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Oct. 13, 2005 -- A coaches' strike on St. Croix has not materialized due to a lack of support and organization from the island's coaches.
"We had one meeting in September to talk about the possibility of developing some kind of protest, but the majority of coaches there did not want to start a strike," said Greg Tyler, basketball coach at Central High School. Two subsequent meetings scheduled for coaches to further discuss the matter were canceled for various reasons.
"So, the coaches have continued to maintain the status quo," Tyler said.
Despite the opposition, Tyler said he supports the idea of a strike, as many concerns within athletic departments on St. Croix need to be addressed. Tyler said he also agrees with the activities on St. Thomas, where a strike by high school and junior high school coaches is currently in its fourth week. (See "Coaches to Decide Whether to Continue Strike").
The primary concern for St. Croix is that coaches have to raise money to fund their own sports activities. This includes paying for equipment, referees to work at games and any expenses incurred when players travel off-island to compete, Tyler said.
"There is no budget in the school system for athletics," he said. "When coaches can't raise the money to pay for these things, they have to use their own."
This is difficult for coaches to do, as they have not received a pay increase in 15 years, Tyler said. "Each coach gets a $1,500 stipend for the season," Tyler said, adding that taxes take a good chunk out of the paycheck. "Then we have to use more of that to pay for other things the schools don't have the resources to fund. So, really, there are times we don't get to see much of our stipend money."
Tyler added that coaches may have to use part of the stipend to get players home at the end of practices. "Before they go home, the kids may also want some sort of snack or drink — that's more money we provide," Tyler said.
Scott Cofield, also a football coach at Central High School, said this situation is problematic for coaches because they do not want to penalize their players for the lack of budget. "But at the same time, we do want to be able to get some of the money we work for," Cofield said.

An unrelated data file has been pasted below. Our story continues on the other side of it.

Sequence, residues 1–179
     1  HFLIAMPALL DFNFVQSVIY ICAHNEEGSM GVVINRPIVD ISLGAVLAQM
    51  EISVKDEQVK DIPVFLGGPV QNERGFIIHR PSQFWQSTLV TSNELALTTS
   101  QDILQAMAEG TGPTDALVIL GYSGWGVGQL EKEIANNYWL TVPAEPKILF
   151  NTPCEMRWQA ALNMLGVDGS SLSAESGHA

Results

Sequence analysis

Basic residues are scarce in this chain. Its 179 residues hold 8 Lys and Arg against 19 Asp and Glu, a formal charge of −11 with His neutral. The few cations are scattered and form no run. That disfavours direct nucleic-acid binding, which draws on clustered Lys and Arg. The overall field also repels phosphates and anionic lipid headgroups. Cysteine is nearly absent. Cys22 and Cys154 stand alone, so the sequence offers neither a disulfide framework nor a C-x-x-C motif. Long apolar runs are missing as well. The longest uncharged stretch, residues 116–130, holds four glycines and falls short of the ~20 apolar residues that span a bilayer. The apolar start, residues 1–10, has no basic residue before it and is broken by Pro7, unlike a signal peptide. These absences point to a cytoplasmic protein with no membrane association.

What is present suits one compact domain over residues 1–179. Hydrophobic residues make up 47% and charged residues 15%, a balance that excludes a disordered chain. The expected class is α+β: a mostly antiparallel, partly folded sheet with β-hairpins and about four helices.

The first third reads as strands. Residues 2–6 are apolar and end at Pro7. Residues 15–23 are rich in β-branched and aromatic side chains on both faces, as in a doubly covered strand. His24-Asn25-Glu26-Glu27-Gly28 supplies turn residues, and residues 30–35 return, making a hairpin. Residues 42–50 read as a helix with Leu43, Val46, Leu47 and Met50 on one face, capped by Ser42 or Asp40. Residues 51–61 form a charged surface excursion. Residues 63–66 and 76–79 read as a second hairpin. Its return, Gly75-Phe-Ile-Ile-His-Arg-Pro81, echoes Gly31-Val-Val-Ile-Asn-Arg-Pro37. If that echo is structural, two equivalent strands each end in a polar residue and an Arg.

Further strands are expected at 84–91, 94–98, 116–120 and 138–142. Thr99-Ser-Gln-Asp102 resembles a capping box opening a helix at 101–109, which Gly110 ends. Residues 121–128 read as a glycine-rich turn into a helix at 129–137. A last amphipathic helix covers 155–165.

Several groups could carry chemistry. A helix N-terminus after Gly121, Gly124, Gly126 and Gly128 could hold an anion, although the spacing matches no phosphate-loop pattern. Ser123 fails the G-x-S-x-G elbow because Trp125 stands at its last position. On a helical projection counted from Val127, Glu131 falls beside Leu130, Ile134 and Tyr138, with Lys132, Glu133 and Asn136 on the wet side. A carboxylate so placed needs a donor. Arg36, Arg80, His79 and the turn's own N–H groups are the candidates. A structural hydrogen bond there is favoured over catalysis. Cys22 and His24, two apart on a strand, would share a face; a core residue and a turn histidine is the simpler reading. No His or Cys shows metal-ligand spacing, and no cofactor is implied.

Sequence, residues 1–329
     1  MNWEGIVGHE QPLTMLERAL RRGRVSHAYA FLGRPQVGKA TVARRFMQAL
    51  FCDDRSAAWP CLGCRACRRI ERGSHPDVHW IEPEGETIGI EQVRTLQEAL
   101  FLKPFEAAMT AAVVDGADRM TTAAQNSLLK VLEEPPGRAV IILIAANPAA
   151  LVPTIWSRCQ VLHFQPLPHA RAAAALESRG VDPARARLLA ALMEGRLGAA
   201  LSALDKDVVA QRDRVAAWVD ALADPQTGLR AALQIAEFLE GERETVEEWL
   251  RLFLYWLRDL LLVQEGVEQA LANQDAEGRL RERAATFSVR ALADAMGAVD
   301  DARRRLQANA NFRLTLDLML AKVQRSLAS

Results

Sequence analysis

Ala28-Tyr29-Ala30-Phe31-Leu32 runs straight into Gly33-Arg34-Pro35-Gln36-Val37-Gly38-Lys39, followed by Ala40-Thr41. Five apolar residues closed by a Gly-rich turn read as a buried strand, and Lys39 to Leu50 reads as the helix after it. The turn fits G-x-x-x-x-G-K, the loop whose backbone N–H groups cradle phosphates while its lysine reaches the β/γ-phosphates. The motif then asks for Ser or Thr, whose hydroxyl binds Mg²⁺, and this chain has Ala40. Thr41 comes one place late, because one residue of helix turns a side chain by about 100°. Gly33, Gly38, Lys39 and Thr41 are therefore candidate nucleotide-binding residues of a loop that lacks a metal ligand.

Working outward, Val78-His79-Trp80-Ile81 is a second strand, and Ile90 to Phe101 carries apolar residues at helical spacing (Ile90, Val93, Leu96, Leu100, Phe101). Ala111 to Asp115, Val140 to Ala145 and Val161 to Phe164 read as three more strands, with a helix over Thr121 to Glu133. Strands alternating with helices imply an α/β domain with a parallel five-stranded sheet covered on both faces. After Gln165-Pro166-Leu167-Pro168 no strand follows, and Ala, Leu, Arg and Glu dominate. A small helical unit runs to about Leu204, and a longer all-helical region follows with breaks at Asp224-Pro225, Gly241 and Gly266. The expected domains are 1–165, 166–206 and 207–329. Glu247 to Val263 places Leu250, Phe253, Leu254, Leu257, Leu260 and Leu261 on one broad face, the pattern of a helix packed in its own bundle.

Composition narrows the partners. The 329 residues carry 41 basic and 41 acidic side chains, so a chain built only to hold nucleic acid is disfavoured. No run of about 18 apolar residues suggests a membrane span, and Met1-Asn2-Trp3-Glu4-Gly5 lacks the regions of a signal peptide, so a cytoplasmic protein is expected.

To solve this problem, Arthur Solomon, basketball coach at Charlotte Amalie High School on St. Thomas, said Tuesday he is working on an athletic budget package for all local schools, which he will present before the Legislature next month. While Tyler said he approves of the idea, he also said a similar attempt was made by senators five years ago. About $300,000 was appropriated for sports programs in both districts, but the money was never received by the various athletic departments, he said. Instead, Tyler said the money was used by the territory's superintendents at their own discretion.
Tyler said a 20 percent increase in coaching stipends included in the collective bargaining agreement recently ratified by the American Federation of Teachers is not enough. The coaches have not received an increase for 15 years, so Tyler estimated the increase to be about $300, or $20 a year for the 15 years. "It's nothing," Tyler said. "I don't feel as if anything is resolved with that amount."
While Solomon has stated he feels optimistic the AFT may consider adding an amendment to the contract to provide for a higher stipend increase, Tyler said he does not believe the AFT will go into more negotiations.
Tyler also said the AFT will not negotiate on another important issue for coaches — the addition of athletic directors and coordinators to school physical education departments. "Because these positions are not currently provided for in the AFT contract, the union has stated they do not support them," Tyler said.
David Urgent, softball coach at St. Croix's Educational Complex, is not part of the union. "I've been coaching here for eight years now and haven't gotten paid for it at all," Urgent said when contacted Thursday. Urgent added this is a concern he hopes to take up with AFT officials, as he believes coaches should be paid for the work they do.
Tyler explained these staff additions are necessary, and will serve to reduce the amount of work placed on coaches during sports seasons. Additionally, Tyler said an athletic director/coordinator would serve as a "mouthpiece" for the coaches when there are problems within the system.
Tyrone Molyneaux, president of St. Croix's AFT, could not be reached for comment Thursday.

Back Talk


Share your reaction to this news with other Source readers. Please include headline, your name and city and state/country or island where you reside.